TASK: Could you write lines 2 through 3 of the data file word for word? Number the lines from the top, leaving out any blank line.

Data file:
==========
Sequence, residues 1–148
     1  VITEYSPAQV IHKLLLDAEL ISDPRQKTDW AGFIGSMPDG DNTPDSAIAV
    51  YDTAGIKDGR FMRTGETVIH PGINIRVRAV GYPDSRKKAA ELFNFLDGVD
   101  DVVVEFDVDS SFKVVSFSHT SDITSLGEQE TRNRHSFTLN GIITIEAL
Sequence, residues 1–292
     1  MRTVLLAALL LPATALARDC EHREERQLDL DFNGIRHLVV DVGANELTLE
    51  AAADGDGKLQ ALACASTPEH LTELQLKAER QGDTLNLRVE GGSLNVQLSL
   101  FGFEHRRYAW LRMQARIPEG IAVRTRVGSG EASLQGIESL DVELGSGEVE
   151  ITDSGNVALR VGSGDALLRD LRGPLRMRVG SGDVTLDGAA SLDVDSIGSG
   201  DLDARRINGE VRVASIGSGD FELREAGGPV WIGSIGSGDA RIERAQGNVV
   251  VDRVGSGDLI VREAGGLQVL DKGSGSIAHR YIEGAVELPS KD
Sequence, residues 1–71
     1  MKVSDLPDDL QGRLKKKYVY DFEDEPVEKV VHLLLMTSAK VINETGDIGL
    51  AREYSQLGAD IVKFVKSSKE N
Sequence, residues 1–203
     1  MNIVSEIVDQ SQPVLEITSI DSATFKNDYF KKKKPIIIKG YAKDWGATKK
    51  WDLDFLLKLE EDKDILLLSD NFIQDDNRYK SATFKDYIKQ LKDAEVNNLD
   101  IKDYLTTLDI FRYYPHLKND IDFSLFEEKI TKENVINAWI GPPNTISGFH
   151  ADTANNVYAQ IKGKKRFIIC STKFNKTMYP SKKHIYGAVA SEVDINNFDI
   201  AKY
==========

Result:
     1  VITEYSPAQV IHKLLLDAEL ISDPRQKTDW AGFIGSMPDG DNTPDSAIAV
    51  YDTAGIKDGR FMRTGETVIH PGINIRVRAV GYPDSRKKAA ELFNFLDGVD